When looking into fat consumption, you’ve probably heard of mono and polyunsaturated fats. Olive oil, palm oil, nuts and seeds are examples of good fats with high amounts of polyunsaturated fats; however, if not stored or manufactured properly, these oils can actually cause harm to your body. When a molecule gives up an electron to another molecule, it is called oxidation. Oxidation occurs all the time within our bodies creating a multitude of roaming free radicals that cause our cells to age prematurely. We all have seen oxidation at work outside the body when you bite into an apple, leave it out on the kitchen counter, and the brown that starts to grow around that bite mark is an example of oxidation.
The question becomes, is oil that has become oxidized from air, light or heat dangerous to consume. There are numerous studies that fed oxidized oils to animals and showed increased systemic inflammation, damage to brain cells and a multitude of other negative symptoms. So, could consuming these oxidized oils be a threat to our quality of life or athletic performance? Well, we believe that inflammation can be one of the major causes of non-contact injuries like muscle strains and pulls. Consumption of oxidized oils is definitely not helping your body control inflammation.
The question becomes how do we protect ourselves from the possible ill effects of consuming oxidized fats. We have listed the following guidelines to help you take control of your health and performance:
- Store oils that you use for salads, foods and even cooking in a cool, dark place away from light and heat in an airtight container. Examples include:
- olive oil, palm, canola, corn, avocado, safflower and sunflower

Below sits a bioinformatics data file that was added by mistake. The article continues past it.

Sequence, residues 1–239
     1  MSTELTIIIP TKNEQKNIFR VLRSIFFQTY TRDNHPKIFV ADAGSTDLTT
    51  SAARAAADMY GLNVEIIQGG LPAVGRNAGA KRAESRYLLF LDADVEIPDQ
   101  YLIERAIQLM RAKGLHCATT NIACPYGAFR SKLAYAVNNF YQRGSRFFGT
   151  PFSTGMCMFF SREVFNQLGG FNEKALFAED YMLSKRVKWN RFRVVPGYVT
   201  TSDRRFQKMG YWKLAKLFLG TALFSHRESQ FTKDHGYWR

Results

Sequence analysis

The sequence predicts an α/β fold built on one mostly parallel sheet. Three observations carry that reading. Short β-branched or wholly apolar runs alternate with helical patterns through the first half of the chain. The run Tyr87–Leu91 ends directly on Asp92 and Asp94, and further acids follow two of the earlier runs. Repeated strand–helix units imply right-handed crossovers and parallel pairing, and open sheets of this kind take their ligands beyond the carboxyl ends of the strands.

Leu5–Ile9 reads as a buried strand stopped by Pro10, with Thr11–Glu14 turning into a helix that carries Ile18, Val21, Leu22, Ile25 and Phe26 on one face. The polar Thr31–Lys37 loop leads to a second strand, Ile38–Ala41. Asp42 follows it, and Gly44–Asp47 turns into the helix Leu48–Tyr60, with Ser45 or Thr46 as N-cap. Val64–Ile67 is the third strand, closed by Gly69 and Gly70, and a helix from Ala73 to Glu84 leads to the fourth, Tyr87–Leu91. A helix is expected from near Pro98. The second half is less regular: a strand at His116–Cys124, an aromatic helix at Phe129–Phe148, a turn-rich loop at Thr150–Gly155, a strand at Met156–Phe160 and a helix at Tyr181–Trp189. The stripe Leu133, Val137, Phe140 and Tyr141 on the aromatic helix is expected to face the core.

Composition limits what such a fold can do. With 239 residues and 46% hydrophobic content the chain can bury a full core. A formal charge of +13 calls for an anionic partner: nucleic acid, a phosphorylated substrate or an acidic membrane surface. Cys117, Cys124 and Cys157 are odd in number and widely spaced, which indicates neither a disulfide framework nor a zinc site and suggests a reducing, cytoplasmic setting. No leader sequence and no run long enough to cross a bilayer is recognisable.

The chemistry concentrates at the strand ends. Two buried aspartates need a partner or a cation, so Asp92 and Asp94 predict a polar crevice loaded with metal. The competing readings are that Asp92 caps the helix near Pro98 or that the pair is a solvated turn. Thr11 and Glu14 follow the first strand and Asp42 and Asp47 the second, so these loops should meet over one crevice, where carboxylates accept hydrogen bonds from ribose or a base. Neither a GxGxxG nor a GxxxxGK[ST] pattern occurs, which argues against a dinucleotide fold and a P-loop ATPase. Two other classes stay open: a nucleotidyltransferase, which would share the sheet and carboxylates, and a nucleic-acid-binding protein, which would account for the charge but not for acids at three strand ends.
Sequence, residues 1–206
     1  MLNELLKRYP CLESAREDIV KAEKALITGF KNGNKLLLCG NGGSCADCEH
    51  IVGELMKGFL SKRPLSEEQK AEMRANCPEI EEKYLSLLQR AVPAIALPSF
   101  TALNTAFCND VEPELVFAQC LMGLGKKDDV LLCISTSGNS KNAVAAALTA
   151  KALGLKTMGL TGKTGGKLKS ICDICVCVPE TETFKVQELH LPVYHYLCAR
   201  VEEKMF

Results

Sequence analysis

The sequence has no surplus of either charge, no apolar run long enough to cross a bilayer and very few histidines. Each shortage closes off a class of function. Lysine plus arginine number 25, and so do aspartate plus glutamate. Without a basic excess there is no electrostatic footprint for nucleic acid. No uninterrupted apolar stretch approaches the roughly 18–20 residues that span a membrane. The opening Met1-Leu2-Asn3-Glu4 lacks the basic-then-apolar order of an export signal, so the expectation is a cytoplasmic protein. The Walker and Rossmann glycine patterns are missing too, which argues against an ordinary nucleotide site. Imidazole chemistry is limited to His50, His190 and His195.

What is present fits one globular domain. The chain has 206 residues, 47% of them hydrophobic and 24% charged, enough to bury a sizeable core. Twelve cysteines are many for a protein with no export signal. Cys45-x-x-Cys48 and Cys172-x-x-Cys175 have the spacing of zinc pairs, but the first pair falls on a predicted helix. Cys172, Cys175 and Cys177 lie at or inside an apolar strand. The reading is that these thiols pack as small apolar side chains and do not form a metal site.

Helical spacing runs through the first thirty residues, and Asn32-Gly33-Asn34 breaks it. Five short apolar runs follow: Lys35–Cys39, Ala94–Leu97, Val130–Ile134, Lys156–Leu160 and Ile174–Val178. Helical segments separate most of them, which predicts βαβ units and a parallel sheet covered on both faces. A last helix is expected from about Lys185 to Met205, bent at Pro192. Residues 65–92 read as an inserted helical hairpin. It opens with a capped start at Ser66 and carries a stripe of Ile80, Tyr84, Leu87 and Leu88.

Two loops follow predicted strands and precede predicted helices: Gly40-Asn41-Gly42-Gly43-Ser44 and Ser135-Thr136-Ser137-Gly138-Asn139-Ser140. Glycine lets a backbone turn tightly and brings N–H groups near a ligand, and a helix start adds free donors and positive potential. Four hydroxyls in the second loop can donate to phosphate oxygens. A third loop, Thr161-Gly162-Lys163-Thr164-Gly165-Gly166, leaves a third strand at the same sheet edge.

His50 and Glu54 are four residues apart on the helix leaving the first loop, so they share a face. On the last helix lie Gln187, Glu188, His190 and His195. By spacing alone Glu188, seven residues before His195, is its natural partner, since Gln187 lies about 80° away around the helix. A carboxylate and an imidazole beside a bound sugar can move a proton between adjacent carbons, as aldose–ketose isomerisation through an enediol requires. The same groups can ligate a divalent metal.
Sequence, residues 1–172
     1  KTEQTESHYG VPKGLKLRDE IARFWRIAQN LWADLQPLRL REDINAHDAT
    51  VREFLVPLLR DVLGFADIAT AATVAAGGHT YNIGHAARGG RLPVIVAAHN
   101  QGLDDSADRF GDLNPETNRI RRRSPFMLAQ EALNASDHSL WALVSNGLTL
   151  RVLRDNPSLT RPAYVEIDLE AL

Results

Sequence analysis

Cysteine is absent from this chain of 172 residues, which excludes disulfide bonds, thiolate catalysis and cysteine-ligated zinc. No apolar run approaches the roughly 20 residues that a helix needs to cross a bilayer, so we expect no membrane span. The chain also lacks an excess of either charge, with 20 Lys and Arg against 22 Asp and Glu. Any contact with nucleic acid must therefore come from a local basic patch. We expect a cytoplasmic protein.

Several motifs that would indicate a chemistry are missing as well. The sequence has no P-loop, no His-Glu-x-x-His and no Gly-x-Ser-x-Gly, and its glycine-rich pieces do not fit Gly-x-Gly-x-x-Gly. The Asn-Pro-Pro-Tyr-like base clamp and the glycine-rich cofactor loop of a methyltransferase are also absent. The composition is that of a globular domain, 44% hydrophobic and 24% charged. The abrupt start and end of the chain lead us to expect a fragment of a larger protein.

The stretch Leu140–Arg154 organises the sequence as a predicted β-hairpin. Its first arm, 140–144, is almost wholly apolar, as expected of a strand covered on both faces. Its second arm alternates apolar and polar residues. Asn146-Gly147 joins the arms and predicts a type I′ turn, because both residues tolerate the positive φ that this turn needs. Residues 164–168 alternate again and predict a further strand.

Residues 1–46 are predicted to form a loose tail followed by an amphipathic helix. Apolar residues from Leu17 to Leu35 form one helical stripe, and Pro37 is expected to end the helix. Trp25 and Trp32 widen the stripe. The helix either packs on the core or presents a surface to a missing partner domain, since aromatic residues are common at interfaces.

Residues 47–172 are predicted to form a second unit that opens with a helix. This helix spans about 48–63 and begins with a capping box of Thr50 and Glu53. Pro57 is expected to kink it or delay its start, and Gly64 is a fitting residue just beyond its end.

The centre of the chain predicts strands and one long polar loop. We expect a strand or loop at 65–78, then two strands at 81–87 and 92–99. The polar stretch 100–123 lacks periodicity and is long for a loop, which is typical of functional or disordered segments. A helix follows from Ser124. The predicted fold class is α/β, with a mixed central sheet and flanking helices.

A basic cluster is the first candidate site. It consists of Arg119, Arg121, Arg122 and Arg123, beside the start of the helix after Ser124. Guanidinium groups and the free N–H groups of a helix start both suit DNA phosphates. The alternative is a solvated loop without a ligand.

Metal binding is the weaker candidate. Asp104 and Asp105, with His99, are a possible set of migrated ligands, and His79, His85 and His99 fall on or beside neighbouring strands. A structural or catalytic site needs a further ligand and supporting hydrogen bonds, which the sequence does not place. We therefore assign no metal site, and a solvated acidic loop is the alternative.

- Refrigerate nut and seed oils to limit oxidation. Examples include:
- Almond oil, walnut, hazelnut, flaxseed, macadamia, etc…
- Choose oils that are packaged in dark glass containers to help keep light away from the oils and preserve its freshness
- Make sure to place the cap back on the bottles of oil as soon as you finish using the oils. Every second the bottle is left open is inviting more oxidation into the oil.
- Check expiration dates on the bottles of oil
- Limit deep-fried foods and do not re-use cooking oils
- Buy whole, raw nuts that have not been exposed to the roasting process and have not been broken into smaller pieces, which will accelerate the oxidation process.
Whether your goal is vanity and just wanting to tone up and lose weight, increasing your hormone producing capabilities, balancing your mood or improving your athletic performance, fats play an important role in your daily life. So grab that bottle of coconut oil, handful of nuts and seeds, or oil based dressing and reap the rewards of feeding this all-important macronutrient to your body.
Brehm, B. et al: A Randomized trial comparing a very low carbohydrate diet and a calorie-restricted low fat diet on body weight and cardiovascular risk factors in healthy women. The Journal of Clinical Endocrinology and Metabolism 2003 Apr; 88(4):1617-23.
Sallinen, J. et al: Relationship between diet and serum anabolic hormone responses to heavy resistance exercise in men. Int J Sports Med 2004 Nov; 25(8):627-33
Volek, JS, Forsythe, CE. The case for not restricting saturated fat on a low carbohydrate diet. Nutr Metabolism (Lond) 2005; 2;21.
Volek, JS. Et al: Testoterone and cortisol in relationship to dietary nutrients and resistance exercise. J Appl Physiology 1997;82;49-54